As soon at they were in government they became swift converts to autonomy as a way of defusing the pressures (much to the dismay of many loyal French residents of the island). Dressed up as the first step of a Republic-wide decentralisation push and led by the otherwise switheringly republican new Interior Minister, Nicolas Sarkozy, the reforms were put to the ballot two weeks ago. And, like a rabbit pulled from a magician's hat, M. Sarkozy just managed to announce the capture of the Préfet's killer, Yvan Colonna, the night before the vote. Talk about stage management! This was supposed to deal the dream hand to Corsican voters. The State's authority as the guarantor of law and order restored with one hand, a magnanimous offer of devolved power made with the other.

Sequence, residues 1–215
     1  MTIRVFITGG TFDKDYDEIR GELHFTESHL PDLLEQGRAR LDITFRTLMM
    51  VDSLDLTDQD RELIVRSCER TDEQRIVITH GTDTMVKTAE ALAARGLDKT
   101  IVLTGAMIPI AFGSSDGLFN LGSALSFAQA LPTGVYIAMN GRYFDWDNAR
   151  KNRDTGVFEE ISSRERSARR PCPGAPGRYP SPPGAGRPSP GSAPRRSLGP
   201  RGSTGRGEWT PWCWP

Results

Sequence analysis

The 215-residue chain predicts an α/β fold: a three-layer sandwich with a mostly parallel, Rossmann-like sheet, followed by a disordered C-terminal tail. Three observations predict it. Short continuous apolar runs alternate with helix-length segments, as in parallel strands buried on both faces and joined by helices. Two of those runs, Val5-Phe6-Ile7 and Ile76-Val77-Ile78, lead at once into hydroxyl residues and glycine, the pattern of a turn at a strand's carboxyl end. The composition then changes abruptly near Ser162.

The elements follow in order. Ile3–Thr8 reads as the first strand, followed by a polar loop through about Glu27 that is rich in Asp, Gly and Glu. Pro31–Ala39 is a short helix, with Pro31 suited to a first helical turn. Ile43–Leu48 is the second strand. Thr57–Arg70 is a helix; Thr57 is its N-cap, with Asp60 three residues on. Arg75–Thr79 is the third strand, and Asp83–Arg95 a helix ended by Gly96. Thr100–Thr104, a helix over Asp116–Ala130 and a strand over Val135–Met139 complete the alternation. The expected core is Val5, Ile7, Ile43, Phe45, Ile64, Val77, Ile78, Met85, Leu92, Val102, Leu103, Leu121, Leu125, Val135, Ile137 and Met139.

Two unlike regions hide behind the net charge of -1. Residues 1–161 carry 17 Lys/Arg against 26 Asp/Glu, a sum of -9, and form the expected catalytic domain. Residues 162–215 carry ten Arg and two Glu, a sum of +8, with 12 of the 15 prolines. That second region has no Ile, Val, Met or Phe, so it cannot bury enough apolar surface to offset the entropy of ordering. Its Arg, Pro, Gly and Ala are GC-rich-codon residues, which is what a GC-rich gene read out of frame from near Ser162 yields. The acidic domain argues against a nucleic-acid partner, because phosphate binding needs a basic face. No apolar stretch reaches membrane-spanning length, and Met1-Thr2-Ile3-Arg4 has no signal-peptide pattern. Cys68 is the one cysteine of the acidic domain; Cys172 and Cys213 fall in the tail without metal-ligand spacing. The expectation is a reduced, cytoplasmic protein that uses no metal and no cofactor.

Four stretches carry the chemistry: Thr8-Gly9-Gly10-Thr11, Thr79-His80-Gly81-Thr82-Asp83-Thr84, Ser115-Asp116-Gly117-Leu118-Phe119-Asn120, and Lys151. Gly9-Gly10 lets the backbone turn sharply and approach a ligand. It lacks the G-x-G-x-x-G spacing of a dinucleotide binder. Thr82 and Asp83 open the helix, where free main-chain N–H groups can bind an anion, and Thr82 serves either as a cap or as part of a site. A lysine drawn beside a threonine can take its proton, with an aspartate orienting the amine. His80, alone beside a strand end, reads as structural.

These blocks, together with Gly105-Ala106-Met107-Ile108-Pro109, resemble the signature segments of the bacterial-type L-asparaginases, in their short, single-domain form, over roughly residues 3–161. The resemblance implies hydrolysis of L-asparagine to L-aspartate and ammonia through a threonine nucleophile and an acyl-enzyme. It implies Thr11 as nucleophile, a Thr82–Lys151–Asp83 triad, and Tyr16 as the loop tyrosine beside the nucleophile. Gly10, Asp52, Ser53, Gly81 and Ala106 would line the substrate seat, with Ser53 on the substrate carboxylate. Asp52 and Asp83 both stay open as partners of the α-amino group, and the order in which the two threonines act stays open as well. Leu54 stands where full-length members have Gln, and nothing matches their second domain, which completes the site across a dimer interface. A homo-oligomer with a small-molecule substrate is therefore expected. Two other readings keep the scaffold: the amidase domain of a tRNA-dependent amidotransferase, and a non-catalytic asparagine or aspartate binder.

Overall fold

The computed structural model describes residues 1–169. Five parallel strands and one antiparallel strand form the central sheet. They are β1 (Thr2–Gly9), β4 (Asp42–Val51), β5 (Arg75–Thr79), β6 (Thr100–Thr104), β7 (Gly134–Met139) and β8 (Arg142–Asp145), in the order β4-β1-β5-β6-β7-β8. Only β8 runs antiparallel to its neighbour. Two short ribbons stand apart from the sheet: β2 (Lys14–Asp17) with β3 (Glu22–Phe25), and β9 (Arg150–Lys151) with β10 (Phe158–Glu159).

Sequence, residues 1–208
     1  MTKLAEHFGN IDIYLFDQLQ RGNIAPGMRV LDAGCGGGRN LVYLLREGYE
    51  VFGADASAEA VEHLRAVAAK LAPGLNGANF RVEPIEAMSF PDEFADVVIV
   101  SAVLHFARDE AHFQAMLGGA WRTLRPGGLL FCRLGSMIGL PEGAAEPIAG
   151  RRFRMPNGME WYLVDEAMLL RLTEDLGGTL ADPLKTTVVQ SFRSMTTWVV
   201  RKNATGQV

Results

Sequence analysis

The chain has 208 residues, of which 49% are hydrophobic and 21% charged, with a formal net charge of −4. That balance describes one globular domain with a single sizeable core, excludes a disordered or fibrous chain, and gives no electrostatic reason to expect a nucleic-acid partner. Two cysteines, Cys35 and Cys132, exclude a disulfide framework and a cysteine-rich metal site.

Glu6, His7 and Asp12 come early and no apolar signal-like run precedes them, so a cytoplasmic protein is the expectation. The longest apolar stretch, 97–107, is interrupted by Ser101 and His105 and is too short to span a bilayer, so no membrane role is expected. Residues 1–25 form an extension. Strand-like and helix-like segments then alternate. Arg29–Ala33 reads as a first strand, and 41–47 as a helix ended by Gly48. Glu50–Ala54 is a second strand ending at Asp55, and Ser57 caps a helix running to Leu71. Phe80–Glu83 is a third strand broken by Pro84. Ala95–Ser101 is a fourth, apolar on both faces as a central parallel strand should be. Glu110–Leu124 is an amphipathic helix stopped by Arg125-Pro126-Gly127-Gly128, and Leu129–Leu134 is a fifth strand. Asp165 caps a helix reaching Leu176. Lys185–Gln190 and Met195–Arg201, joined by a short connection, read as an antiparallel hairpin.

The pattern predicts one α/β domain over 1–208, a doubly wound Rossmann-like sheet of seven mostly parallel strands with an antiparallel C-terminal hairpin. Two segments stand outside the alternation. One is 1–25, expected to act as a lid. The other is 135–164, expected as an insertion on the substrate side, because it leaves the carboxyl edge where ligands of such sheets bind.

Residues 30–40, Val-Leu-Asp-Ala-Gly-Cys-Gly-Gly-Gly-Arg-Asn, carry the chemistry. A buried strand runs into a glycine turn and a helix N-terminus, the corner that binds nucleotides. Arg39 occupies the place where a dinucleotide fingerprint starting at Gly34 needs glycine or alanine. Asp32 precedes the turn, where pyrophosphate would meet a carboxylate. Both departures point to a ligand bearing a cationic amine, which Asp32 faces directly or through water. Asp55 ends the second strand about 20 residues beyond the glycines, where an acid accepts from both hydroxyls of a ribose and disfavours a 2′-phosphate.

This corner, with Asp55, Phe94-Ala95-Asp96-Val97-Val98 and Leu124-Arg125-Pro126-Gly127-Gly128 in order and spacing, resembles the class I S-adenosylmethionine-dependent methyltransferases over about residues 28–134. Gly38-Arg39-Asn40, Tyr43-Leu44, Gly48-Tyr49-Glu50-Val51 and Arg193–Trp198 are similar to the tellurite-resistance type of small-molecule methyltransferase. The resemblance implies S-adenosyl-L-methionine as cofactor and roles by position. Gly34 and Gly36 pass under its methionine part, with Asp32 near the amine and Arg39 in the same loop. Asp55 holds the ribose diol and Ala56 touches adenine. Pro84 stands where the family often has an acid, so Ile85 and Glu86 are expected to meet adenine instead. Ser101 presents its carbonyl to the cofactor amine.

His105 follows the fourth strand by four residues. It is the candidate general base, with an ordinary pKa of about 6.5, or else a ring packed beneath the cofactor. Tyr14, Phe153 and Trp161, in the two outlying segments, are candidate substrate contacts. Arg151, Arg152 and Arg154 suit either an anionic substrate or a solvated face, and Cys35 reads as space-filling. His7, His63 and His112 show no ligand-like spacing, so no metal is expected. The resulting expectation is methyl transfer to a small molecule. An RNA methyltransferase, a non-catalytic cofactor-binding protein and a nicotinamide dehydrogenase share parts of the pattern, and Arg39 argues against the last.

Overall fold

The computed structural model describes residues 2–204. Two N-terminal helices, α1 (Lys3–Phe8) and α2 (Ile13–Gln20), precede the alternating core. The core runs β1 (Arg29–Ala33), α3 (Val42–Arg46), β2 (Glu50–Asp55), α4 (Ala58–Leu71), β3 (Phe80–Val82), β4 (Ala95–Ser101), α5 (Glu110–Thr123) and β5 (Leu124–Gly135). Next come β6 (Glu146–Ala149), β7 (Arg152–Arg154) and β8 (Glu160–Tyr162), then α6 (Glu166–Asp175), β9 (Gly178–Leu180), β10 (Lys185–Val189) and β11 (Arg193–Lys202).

Unfortunately for M. Sarkozy it was a case of just too many magic rabbits all at once. The island (with over a third abstaining) voted the reform down 51-49%. Now the French state faces the task of convicting the assassin and being forced to govern with the iron hand it had hoped to sheath in devolved velvet. Needless to say, the only happy people are die-hard French sovereigntists on the island (whom the Government had been hoping to sideline) and die-hard Corsican nationalists who will accept no compromise short of complete independence and can now revel in their subjection, undiluted by any wishy-washy devolution dreamed up in Paris. Everyone is waiting for a fresh round of bombings.
Lessons to be learned